Thursday, July 15, 2010

Mining tax revenue is a guessing game - REALITY CHECK

"WHERE is the money coming from?" the Coalition wants to know. How can the government reduce the revenue base for its mining tax so drastically, yet reduce the revenue forecasts so little?

It's a good question. After all, the original tax applied to nearly all minerals, the new tax to just iron ore and coal. The old tax was to take 40 per cent of all profits above a return of 5 per cent or so.

The new tax will take 22.5 per cent of all profits above a return of 12 per cent. And that's not all the changes the miners won.

Sure, there are offsetting factors. The government will no longer have to pick up 40 per cent of mines' losses or pay royalties for miners now outside the tax. But several private analysts estimate the tax take will be far lower than Treasury has forecast.

Who is right? Yesterday's budget update shed some light but left uncertainty. It told us:

Treasury now thinks the prices and volumes of mineral exports will be much higher than it predicted earlier. It now says the original version of the tax would have raised $18 billion in its first two years, not the $12 billion originally forecast.

So the revised mining tax reduced its take in the start-up years from $18 billion to $10.5 billion. The government misled us by not mentioning this when it announced the new version on July 2.

The impact in years one and two of the new tax is stunningly different. In year one, the original version of the tax would have seen many companies claim losses. Under the new version, revenue that year is now forecast to fall by just $1 billion. But in year two, the forecast revenue will be cut in half by the new version of the tax: from $13 billion to $6.5 billion. That's a huge change. And surely, isn't year two the best guide to what will happen in years three, four, five, six and so on?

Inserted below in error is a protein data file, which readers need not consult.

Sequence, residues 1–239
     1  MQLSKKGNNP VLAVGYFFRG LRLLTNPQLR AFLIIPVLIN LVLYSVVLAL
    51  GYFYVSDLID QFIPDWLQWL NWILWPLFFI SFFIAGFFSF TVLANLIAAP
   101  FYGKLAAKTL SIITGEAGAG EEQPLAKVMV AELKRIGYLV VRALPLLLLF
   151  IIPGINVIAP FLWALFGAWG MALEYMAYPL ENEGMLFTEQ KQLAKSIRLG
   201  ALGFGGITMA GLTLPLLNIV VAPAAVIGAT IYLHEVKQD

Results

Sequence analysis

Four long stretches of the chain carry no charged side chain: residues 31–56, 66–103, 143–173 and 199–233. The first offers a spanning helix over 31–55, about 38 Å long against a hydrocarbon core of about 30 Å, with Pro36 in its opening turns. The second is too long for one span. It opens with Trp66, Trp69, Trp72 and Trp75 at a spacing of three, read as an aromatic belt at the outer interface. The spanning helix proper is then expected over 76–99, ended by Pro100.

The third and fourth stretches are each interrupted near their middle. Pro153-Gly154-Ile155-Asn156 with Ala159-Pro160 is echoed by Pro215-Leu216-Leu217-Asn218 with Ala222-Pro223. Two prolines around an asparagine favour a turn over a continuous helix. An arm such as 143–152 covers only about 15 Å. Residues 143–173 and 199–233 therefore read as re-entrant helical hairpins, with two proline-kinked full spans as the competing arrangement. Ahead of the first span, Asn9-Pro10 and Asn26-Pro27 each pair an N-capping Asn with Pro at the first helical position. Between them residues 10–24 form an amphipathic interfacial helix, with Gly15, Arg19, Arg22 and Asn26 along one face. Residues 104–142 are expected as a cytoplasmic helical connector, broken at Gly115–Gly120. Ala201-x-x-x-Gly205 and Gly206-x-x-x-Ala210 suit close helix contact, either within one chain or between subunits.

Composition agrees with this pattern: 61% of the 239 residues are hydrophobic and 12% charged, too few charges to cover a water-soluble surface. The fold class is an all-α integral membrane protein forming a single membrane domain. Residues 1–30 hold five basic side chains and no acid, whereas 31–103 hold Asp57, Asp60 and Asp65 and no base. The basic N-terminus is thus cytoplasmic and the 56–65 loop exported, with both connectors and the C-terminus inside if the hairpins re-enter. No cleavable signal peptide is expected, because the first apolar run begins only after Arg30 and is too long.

Not necessarily, says Treasurer Wayne Swan. We don't know what future prices will be.

"Prices will go up, they'll come down, they'll bounce around," he said. "But they will be a higher level [than] the historical average was."

Well, maybe. But that's exactly the point.

If Treasury can revise its revenue forecasts from the tax by 50 per cent in just two months, how can anyone seriously know how much it will raise in two years, four years, let alone 10 years?

Like everyone else, all Treasury can do is guess. The May estimates are guesses. The new estimates are guesses. The forecasts by the Coalition and private analysts are also guesses.

Treasury's forecasts are for the terms of trade to peak in the second half of 2010, then fall slowly. But if they fall fast? Or if companies find ways to avoid the tax? We could easily end up with too little revenue to pay for the tax cuts and new spending it is meant to finance. That's the risk.




$b $b $b

Rudd version

Budget 3, 9 12

Now 5 13 18

New version

Now 4 6.5 10.5

Revenue loss -1 -6.5 -7.5